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Mark (8)

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  • E Bruce Brooks
    To: Crosstalk Cc: GPG On: Mark (8) From: Bruce As mentioned, these notes are not responses to Adela s Mark commentary, nor even responses to Rikk Watts
    Message 1 of 1 , Dec 10, 2008
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      To: Crosstalk
      Cc: GPG
      On: Mark (8)
      From: Bruce

      As mentioned, these notes are not responses to Adela's Mark commentary, nor
      even responses to Rikk Watts' *responses to* that commentary, as such (the
      only cogent thing to say about Adela's commentary is: Go out and by a copy
      from Hermeneia). They are meant as addressing issues in the study of Mark,
      as usefully raised by Rikk's very kind summary of his comments at the 22 Nov
      session, now already so long ago.

      RIKK: in terms of the commentary itself: I did not see how the mention of
      Forms actually informed her exegesis. Adela responded that they were
      evidence of Mark's oral origins (someone in the audience picked up on this I
      think) and thus explained Mark's less then even narrative.

      BRUCE: To my eye, "oral" is very nearly the most misused term in the
      currently fashionable lexicon. It is used to refer to almost opposite
      scenarios: (a) a fixed text which has been preserved in memory over more
      than one generation without being written down, and contrariwise (b)
      historical memories which have been reshaped by being informally retold,
      again by more than one person in succession, and so have acquired a shape
      given them by that process of retelling, and not retained much, or any, of
      their original point and content. The latter is more or less the Bultmann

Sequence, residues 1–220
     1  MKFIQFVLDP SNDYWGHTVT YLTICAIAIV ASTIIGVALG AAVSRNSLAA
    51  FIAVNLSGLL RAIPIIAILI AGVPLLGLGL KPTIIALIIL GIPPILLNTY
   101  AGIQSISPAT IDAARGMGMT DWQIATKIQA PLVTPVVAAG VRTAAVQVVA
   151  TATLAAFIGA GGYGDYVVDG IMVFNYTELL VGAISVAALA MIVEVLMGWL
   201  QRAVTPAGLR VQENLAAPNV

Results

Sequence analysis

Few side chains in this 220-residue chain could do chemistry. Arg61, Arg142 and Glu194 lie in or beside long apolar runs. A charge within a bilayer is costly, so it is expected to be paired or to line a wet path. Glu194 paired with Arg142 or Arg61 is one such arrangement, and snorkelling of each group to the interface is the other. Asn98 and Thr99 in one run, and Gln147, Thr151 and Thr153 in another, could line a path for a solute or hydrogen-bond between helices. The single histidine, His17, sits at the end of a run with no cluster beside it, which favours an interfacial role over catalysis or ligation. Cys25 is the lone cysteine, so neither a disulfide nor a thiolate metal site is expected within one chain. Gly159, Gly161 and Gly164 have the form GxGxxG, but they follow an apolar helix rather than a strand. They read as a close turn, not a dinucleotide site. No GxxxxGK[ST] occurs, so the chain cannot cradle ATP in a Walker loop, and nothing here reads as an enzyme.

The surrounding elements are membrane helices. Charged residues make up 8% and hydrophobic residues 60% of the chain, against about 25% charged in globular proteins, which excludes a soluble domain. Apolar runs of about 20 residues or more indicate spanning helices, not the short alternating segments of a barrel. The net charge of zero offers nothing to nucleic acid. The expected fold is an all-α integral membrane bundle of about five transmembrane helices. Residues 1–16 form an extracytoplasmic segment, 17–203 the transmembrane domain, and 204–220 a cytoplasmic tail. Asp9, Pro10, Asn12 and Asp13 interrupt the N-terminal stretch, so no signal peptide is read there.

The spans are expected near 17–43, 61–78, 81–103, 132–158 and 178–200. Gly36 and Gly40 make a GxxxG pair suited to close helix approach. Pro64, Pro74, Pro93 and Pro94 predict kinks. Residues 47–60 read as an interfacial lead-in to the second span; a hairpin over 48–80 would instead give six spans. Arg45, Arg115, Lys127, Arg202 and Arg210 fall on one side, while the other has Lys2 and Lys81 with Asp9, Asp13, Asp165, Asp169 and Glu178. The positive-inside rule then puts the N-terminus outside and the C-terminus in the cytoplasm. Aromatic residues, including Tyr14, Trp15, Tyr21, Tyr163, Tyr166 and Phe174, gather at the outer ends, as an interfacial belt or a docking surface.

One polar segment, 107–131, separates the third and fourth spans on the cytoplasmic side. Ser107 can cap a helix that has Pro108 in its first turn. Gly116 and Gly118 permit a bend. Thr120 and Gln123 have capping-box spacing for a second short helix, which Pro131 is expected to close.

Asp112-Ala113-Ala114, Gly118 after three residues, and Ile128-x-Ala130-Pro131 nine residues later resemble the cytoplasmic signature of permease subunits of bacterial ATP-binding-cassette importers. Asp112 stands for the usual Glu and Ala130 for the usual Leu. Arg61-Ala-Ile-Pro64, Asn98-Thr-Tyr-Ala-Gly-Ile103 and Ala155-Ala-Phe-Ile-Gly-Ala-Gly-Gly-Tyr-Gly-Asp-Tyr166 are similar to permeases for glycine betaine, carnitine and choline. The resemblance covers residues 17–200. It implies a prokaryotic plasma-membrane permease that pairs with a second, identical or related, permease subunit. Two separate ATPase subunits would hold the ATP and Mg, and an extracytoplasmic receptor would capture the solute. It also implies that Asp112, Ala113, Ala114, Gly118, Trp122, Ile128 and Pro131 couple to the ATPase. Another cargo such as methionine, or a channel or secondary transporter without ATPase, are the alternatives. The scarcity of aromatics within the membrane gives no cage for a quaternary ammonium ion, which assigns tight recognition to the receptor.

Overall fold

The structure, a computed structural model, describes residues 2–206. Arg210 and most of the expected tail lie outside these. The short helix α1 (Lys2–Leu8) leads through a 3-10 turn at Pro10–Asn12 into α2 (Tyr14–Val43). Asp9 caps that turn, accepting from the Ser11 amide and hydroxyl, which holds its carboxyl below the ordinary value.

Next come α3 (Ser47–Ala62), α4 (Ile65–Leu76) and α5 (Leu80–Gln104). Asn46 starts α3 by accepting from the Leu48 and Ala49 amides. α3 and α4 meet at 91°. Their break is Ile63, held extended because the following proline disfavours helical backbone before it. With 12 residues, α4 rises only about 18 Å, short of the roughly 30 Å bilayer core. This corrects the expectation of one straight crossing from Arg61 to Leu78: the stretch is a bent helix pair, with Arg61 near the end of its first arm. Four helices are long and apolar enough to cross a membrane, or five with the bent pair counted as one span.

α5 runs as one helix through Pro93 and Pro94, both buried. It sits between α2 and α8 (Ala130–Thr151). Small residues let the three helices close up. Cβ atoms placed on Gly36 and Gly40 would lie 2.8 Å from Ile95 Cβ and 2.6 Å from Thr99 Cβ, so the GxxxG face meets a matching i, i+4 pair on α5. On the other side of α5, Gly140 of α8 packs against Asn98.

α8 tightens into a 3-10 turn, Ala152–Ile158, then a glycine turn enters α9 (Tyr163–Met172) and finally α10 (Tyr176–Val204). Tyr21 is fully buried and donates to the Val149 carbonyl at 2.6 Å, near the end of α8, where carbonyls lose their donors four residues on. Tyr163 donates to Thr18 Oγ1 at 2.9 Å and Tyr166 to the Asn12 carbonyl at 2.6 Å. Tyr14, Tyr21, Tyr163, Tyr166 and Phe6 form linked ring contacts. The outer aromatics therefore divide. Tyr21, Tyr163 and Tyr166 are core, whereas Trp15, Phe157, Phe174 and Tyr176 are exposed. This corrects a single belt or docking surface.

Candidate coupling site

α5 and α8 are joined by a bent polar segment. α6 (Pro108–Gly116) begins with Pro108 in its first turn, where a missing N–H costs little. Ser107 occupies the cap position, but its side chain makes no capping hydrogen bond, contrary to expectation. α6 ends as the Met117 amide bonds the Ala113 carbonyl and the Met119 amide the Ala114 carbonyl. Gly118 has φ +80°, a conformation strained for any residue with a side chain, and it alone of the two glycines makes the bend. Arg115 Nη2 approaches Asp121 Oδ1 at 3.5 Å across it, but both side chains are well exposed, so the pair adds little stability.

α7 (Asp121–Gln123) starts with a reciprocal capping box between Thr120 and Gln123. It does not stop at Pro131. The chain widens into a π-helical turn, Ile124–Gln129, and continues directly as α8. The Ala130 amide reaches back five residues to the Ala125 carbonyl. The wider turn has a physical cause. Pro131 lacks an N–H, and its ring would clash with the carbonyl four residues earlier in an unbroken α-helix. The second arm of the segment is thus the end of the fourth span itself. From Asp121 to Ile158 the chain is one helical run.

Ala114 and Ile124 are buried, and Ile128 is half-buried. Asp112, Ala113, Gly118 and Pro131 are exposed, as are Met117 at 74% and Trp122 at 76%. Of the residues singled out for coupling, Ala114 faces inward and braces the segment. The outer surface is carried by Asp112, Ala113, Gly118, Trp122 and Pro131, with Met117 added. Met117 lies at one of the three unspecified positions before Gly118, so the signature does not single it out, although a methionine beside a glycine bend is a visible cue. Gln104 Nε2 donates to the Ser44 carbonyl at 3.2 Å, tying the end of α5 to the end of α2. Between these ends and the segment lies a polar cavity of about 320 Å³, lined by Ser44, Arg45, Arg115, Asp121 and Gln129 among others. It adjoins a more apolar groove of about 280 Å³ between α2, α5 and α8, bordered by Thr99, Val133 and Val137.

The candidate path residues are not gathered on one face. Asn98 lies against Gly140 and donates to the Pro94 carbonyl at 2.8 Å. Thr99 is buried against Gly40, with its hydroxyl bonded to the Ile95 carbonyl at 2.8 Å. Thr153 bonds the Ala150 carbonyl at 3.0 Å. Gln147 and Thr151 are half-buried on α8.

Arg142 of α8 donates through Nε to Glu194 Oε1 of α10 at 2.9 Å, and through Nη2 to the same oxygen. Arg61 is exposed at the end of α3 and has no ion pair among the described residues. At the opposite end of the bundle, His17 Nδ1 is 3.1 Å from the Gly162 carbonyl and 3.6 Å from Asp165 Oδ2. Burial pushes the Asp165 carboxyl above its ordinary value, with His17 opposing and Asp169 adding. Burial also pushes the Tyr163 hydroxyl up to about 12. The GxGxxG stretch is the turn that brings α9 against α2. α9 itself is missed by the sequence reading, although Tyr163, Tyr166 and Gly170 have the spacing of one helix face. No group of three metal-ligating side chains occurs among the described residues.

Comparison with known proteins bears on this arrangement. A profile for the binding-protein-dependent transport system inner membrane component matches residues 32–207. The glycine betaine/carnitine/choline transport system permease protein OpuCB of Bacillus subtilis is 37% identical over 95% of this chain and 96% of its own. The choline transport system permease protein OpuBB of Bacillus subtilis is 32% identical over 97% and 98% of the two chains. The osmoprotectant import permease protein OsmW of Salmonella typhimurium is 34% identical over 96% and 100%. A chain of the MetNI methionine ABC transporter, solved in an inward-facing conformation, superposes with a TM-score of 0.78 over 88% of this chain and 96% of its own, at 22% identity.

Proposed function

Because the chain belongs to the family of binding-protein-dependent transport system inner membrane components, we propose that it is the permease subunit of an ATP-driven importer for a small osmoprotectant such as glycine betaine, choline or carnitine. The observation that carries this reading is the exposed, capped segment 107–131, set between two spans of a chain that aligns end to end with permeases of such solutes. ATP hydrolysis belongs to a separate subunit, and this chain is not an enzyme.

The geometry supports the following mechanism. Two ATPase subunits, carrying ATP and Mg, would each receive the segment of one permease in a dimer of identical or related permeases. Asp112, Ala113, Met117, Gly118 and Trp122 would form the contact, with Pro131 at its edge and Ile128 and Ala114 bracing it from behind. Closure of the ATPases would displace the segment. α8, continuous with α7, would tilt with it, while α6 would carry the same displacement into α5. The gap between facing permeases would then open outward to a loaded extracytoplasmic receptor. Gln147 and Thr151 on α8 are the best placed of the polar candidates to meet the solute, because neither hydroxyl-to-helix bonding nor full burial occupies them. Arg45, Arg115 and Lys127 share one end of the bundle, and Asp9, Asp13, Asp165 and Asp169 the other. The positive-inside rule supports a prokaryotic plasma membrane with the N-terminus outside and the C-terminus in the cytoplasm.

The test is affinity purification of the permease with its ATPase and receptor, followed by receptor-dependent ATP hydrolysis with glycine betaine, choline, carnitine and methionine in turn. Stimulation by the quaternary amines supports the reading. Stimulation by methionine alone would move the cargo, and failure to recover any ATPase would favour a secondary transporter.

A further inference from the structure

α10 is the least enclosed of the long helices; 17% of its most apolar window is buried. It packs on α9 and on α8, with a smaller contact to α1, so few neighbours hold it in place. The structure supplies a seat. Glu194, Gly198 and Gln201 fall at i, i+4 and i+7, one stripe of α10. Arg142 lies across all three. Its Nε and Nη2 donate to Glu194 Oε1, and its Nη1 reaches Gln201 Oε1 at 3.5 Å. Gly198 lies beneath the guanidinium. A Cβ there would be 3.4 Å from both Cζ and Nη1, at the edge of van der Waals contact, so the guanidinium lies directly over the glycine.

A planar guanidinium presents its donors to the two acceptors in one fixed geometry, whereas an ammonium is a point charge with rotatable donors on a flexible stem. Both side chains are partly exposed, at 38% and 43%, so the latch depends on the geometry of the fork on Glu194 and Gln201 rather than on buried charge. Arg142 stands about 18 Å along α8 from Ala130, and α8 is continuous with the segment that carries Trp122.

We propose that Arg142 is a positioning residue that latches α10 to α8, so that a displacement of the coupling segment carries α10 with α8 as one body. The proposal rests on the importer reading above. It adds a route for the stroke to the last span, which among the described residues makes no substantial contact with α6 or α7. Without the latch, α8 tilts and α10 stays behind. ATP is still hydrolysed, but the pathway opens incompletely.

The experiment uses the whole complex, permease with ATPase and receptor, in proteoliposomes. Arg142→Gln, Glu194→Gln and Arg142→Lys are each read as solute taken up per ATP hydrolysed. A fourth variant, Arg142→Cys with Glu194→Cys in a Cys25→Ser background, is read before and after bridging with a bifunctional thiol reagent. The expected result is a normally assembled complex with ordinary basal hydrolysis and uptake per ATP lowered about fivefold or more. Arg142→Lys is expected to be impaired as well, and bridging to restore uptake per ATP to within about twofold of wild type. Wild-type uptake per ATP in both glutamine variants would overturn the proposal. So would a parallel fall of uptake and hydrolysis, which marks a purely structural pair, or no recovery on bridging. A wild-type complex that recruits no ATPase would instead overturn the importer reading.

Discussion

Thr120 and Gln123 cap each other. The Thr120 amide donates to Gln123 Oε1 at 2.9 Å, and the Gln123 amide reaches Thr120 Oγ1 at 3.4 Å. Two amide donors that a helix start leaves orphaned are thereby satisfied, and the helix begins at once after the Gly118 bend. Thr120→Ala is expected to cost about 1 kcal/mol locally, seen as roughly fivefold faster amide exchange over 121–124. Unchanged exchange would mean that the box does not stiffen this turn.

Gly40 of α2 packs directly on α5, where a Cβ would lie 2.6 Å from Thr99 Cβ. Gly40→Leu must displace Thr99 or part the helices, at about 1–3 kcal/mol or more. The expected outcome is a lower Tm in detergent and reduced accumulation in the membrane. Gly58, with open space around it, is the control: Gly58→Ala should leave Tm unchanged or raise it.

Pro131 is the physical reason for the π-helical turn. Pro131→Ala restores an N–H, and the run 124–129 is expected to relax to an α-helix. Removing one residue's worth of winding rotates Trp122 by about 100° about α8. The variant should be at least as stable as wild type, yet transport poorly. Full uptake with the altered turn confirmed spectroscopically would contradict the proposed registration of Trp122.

position, and probably the way in which Adela invokes it. Scenario (a) is
      impossible, as those who have observed oral praxis will tell you, and I
      think that this particular version of Scenario (b) is intrinsically
      unconvincing. It implies that the originally unitary knowledge of Jesus and
      his mission, as possessed by his followers and eyewitnesses, got broken up
      into separate bits, and handed down in different channels, the ethical
      maxims being preserved in one line of transmission and the historical
      recollections in another and the parables in a third (or more), only later
      to be reassembled into the historically unreliable Gospels which we know.

      This or any other "oral" notion needs to be based on more understanding of
      how oral traditions actually work, than seems to me to be the case at
      present.

      One way we might start over on the "oral" business is to ask: Does Mark
      itself bear any marks of oral delivery? Is it, whether at all points or only
      at some, plausible as a transcribed recounting? One rather attractive target
      for attention, along this line, might be Mark's habit of supplying, as
      though in a parenthesis, information that was lacking in the earlier text
      but turns out to be necessary for understanding the just spoken text. Often
      the introducer for these parenthetical catch-up explanations is GAR, as in